Infosys Class Action: 2nd Amended Complaint Filed After Motion to Dismiss Denied

As posted here, clients of the attorney-author and co-counsel are pursuing a federal class action lawsuit against Infosys Limited Inc. (“Infosys”). The lawsuit is pursued by a proposed class of job applicants and employees who challenge under Federal employment discrimination laws Infosys’ alleged policies and conduct to discriminate in favor of South Asian workers and against non-South Asian workers. For example, as alleged in the suit, Infosys expressly prefers to hire South Asians over non-South Asians and, in furtherance of its discriminatory objectives, disproportionately employs H-1B (and other visa) workers from India. As alleged, over 90% of Infosys’ 15,000 + United States employees are South Asian (predominantly Indian).

On September 30, 2014, the Court issued an Order that denied Infosys’ pending motion to dismiss (which had attempted to end the case) and the Court allowed the plaintiff workers to file a second amended class action complaint.

On October 2, 2014, the Court formally accepted, for filing, the second amended complaint.

The attorney-author of this website article, Michael Brown, is among the attorneys representing the workers pursuing the lawsuit, along with attorneys Daniel Kotchen and Michael von Klemperer of Kotchen & Low LLP and Vonda K. Vandaveer of V.K. Vandaveer, PLLC.

Please contact attorney Michael Brown at (920) 238-6781 or mbrown@dvglawpartner.com if you have any information or questions about the case.

The second amended complaint’s new allegations include information from a former Infosys recruiter, indicating that he and other recruiters in Infosys’ Talent Acquisition Unit were expressly instructed by Infosys senior management to favor South Asians over non-South Asians in their recruiting efforts. The recruiter observed that over 90% of the workers Infosys hired and employed within the United States were of South Asian national origin and race (predominately Indian). The recruiter observed senior management make statements indicating Infosys had preference for South Asian hires, with one executive remarking “Americans don’t know shit.”

The second amended complaint also includes updated statistical information about Infosys’ disproportionate employment of South Asian workers (including H-1B workers from India) for large numbers of job positions within the United States.

Please click here, or scroll below, to read the Second Amended Complaint:

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Work for Wal-Mart and Have to Buy Clothes Per Their New Policy?

My law firm represents workers in employment and wage lawsuits across the U.S. and is investigating Wal-mart’s new dress code policy.  Are you a Wal-mart worker — or do you know one– who has bought clothes due to Wal-mart’s new dress code policy?

If so, and you are interested in speaking with a lawyer, please contact me, attorney Michael Brown, at 920-238-6781 or mbrown@dvglawpartner.com.

According to news reports, Wal-Mart has a new dress code policy that requires workers to wear certain clothes to work.  If workers do not have the clothes– e.g. pants, shirts, etc. of the required kind and color– they must obtain or buy them.  Wal-mart informs workers they can buy the clothes from Wal-mart.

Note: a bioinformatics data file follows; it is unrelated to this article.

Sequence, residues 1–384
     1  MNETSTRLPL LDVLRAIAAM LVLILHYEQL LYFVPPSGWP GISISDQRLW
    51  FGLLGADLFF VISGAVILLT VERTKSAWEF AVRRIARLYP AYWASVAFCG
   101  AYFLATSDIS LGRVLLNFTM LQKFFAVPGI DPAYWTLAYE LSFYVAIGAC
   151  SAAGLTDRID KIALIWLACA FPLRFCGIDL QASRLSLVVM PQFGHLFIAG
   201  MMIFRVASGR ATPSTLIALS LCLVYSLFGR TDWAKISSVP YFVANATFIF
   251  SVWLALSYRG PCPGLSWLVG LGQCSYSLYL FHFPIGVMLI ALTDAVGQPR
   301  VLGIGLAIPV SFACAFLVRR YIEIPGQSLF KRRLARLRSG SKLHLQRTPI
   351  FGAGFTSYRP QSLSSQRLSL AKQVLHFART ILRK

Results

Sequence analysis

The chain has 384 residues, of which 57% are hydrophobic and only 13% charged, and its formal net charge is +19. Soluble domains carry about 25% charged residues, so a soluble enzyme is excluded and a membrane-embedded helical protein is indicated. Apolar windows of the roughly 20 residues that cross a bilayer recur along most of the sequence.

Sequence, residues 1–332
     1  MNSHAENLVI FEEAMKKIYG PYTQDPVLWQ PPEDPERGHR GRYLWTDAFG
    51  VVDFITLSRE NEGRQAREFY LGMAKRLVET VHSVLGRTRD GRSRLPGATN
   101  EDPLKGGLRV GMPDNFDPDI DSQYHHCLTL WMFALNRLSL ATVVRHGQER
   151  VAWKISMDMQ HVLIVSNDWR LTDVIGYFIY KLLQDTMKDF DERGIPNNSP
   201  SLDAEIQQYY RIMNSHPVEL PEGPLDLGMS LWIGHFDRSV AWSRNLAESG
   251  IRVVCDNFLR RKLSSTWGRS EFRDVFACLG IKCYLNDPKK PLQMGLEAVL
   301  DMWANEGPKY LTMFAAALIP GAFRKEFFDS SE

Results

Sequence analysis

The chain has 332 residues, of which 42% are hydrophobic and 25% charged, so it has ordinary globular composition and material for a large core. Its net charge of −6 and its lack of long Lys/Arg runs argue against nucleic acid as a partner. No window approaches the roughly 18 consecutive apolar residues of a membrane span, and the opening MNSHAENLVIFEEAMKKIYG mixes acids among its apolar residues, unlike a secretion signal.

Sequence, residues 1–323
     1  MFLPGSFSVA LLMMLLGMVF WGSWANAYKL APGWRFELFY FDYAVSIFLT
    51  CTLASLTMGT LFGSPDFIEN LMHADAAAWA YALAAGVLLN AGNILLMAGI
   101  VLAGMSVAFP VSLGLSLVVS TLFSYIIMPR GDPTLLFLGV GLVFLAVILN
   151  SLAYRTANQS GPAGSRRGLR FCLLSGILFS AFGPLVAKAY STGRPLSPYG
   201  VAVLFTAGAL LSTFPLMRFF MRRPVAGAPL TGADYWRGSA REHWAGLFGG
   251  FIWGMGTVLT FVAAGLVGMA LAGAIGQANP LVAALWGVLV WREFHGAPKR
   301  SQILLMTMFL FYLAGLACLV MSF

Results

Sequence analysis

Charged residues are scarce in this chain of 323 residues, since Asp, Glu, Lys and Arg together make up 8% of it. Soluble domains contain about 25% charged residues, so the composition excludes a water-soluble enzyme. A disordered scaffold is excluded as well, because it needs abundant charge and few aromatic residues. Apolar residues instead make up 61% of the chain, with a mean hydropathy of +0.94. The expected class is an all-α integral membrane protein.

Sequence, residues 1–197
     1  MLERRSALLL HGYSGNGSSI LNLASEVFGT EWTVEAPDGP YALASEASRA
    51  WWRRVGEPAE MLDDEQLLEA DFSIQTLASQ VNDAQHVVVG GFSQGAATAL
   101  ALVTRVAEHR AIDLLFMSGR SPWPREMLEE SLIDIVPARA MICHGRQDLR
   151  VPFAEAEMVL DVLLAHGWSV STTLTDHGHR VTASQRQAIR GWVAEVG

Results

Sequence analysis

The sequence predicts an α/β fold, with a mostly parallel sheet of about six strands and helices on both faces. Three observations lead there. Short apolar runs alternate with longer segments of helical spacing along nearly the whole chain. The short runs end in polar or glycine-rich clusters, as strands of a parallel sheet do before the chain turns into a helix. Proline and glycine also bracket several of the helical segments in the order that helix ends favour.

It is possible workers may have legal rights and options.  Different States have different laws that potentially apply to clothes-purchase issues.  Legal rights depend on the circumstances, including the State a given employee works in, whether the employee has purchased clothes (and has a receipt or other proof), and other factors.

A worker interested in legal rights should not rely on his or her own assumptions or advice from people who are not employment attorneys.  If you are interested in speaking with an attorney, please feel free to contact me.

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Filed under Employee Tip - Considering a Legal Action, Employee Tips - Unpaid Wages

If You Get a WI Unemployment Attorney, Do It Before Your Hearing

I am an attorney and assist Wisconsin workers with unemployment appeal issues.  Often, I get calls from workers after they have had an unemployment hearing (which they lost).

If you think you may need an attorney’s help for a WI unemployment appeal, then please consider talking to the attorney before the hearing.  Once the hearing is completed, the amount of assistance an attorney can give is limited.

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Your Job Going Downhill? Be Careful About Mentioning “Severance” First

As an attorney who often deals with employment law, it’s no surprise I’m often contacted by employees whose jobs aren’t going well.  Many employees report their employers appear to be preparing to fire them, or trying to force them to quit (by making life hell at work, etc.).

Some of these employees ask me, “Should I just ask my employer to admit they want me gone and ask if they’ll give me a severance?”

There is no catch-all legal advice if you are in this situation, as all situations are different and your particular facts could impact advice an attorney would give.  With that said, I can say it is usually not in employees’ interests to raise the topic of severance first.

Here are factors why mentioning “severance” first is often a bad thing for employees: (1) the employers can claim the employees (by mentioning severance first) had “quit”, and use that “quit” notice as basis to try to disqualify the employees from unemployment benefits; (2) the same “quit” theory can often be used to defeat legal claims from employees who pursue discharge-related legal claims (e.g. discriminatory discharge, etc.); (3) the employers may not offer any severance anyway; and/or (4) if the employer was open to offering a severance, the offer may have been better than what the worker envisioned had the worker kept quiet and waited for the employer to mention severance (and a severance offer) first.